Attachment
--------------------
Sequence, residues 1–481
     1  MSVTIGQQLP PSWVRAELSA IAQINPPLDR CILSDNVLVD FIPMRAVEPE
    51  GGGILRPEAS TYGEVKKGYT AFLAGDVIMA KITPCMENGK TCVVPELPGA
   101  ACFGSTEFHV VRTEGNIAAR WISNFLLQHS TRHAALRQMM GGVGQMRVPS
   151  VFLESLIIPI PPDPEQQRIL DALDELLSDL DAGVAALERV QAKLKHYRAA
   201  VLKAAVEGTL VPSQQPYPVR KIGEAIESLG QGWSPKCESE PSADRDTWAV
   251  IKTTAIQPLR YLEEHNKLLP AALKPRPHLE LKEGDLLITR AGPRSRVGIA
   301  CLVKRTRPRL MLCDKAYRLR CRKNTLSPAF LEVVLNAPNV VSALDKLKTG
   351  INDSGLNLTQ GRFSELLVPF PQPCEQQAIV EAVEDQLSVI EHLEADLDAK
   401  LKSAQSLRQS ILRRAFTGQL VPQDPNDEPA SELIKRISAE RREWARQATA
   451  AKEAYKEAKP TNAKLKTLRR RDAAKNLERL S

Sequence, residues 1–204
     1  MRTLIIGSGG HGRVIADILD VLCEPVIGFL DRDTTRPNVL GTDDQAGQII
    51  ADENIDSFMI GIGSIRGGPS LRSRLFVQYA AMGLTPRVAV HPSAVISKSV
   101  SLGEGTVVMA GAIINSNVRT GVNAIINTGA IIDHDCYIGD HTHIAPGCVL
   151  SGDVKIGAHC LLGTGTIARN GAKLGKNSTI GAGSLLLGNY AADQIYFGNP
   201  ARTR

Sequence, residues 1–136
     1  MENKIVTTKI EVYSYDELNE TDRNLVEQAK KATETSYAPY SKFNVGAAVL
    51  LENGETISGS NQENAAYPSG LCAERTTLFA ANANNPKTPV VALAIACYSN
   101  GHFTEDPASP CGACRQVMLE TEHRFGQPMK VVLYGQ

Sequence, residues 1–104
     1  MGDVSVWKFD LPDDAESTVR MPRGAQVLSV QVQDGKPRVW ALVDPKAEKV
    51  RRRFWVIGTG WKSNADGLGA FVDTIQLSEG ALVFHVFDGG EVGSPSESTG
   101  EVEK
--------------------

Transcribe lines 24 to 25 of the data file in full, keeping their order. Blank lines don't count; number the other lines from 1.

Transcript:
    51  RRRFWVIGTG WKSNADGLGA FVDTIQLSEG ALVFHVFDGG EVGSPSESTG
   101  EVEK